Tag Archives: Natalie Matos

2021: A year of Love, Labour and Loss

Love is a mystery. Love is unitive. Love is how we connect as human beings with one another and with the whole universe together. Love is how we learn, become better, and make the world a better place to live for us and others. Love needs freedom to breathe, equality to thrive, and openness to flow and grow. Love is personal, political, sexual, philosophical, social, historical, metaphysical, transcendental, et al. Sadly, we have only one word to describe such a complex emotion. The ancient Greeks had six different words, but even that’s not enough. 2021 taught me new ways to describe the complexity of love and its various hues. Love lost on many counts, but it miraculously sprang on a few occasions like a phoenix. My LOVE vocabulary was defined and redefined by people who touched my life one way or another this year.

shillpi a singh

LOVE IS LIFE: Nirmal Anand Ki Puppy

​True, we love life, not because we are used to living, but because we are used to loving. There is always some madness in love, but there is also always some reason in madness.​


​​​​Filmmaker Sandeep Mohan’s ​​Nirmal Anand Ki Puppy gives away a hint in its title itself. And yes, you guessed it right. A puppy is at the core of this little gem, be it the dog Parie or a kiss, also called puppy in common parlance, and the twain have intertwined beautifully to take the plot forward.


The film opens with an Insta feed where Nirmal Anand (Karanveer Khullar) is busy playing and cuddling his dog Parie as wife Sarah (Gillian Pinto) captures the tender moment. The relationship between the three picks pace as the movie progresses. The young couple, played with a lot of sincerity by Khullar and Pinto, seems the neighbour next door. They are happy in their lives, with Nirmal working as General Manager in a pharma company that manufactures a health supplement to keep diabetes at bay. His wife takes care of the home, Parie, and kids (a daughter with the couple’s second baby on the way) while juggling her career as an archivist, working on a freelance basis in between the daily grind.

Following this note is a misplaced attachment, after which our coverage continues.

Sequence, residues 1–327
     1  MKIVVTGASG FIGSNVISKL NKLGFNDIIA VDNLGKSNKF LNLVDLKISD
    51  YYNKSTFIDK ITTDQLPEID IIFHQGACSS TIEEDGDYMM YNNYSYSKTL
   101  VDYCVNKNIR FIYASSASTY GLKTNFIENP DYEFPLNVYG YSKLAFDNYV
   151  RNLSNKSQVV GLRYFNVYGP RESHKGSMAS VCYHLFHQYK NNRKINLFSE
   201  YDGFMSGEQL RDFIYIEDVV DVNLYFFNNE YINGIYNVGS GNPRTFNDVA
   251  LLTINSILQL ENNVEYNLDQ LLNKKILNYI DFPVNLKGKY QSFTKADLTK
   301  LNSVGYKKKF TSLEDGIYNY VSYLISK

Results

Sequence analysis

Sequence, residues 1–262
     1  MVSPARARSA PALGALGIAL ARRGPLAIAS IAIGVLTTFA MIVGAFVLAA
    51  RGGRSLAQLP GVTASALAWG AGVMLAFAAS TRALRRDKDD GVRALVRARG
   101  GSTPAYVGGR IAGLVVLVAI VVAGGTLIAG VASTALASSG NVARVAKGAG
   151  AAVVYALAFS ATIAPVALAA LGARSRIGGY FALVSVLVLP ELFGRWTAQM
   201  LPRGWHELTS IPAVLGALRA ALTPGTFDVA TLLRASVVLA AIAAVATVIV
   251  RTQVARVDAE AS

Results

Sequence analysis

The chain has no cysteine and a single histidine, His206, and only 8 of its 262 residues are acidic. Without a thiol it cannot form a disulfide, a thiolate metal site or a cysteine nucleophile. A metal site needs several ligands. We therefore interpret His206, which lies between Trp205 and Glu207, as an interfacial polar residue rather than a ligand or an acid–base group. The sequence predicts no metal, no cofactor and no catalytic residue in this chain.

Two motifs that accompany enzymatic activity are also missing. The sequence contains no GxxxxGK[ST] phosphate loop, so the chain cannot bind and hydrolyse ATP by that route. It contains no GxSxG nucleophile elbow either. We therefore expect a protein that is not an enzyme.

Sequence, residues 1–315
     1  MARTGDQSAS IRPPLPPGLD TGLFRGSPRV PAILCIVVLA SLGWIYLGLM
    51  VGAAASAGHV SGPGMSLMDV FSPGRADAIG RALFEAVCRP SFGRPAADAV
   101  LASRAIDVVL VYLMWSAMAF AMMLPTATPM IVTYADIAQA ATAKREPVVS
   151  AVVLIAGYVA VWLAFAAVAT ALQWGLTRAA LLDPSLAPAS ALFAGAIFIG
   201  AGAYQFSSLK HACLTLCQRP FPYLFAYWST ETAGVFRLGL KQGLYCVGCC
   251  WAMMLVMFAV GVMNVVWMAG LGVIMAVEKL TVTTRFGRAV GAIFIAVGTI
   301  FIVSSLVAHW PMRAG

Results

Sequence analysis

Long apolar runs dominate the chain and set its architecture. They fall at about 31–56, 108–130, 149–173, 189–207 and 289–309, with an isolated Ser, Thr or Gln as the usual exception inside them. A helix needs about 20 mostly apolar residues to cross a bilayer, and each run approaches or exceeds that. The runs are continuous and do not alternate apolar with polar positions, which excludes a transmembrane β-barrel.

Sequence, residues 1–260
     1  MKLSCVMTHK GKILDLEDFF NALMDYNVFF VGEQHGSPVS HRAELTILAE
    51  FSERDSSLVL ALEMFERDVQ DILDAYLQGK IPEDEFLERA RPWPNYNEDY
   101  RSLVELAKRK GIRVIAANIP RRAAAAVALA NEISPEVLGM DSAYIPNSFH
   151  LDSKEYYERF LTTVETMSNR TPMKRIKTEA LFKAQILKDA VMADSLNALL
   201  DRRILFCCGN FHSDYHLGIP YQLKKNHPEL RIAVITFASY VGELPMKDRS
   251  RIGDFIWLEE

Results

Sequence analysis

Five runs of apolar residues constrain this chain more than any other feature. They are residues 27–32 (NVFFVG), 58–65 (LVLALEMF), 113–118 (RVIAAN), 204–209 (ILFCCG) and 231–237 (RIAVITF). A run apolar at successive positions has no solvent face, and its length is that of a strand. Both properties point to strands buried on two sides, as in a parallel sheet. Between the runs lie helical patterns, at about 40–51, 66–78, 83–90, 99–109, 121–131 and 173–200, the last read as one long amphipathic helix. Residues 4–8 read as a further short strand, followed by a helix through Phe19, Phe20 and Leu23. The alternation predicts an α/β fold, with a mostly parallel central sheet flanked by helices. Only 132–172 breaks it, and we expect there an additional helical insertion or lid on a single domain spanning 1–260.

The mundane routine of their lives has been depicted with many credible elements on the screen, with Mohan using clever dialogues and situations to make it an endearing watch.    

The usual tropes of domesticity add to the drama. The interfaith couple faces many adjustment issues with their respective families after the runaway wedding, including the name of their newborn son.  
Their happy life soon hits a roadblock when the man of the house ​is diagnosed with lifestyle disease, and the twists that follow make the couple use different coping mechanisms to deal with the trials and tribulations to keep their lives going. Nirmal takes refuge in looking for an alternate career as an actor for a filmmaker he met at a Yoga studio. At the same time, Sarah engrosses herself in restoring memories from archival materials like old cassettes for a client. She can’t help but get charmed by the dead man whom she talks to and even dreams about because he strums a guitar and sings love songs to woo her, all in mushy dream sequences. The track fills her with self-doubt, and it ends pretty abruptly for the audience.  
To make his role as a Taxi Driver (where Robert De Niro meets Nana Patekar) look authentic, Nirmal takes leave from work and spends days and nights driving a taxi around Mumbai. At the same time, Sarah gives birth to a boy and gets back to a full-time job, shifting base and moving out of their marital home to live with her mother.

The film was screened at the CINEQUEST FILM FESTIVAL.

Nirmal’s short reel life kiss with a co-star disturbs the peace in their real lives, leaving their relationship in a tizzy and showing their vulnerability as just another couple. Many tender moments in the couple’s lives add a layer of credibility to their frayed relationships. Mumbai serves as the perfect backdrop for their love story and gives a sneak peek into the gruelling demands of urban living that are often higher than other cities.   
Nirmal’s calculation of the percentage of emotional torture and happiness in marriage, in the beginning, ​and at the end​, makes the plot and characterisation as convincing as possible for the audience because life is all about loving and living and with a fair share of Emotional Atyachar. ​​The duo agrees on all they disagreed before, including a full-time career for Sarah and acting for Anand, among many things.​ ​The name they chose for their son reflects how they lived and loved happily ever after. ​The end proves that the film is more than just ‘puppy’ love.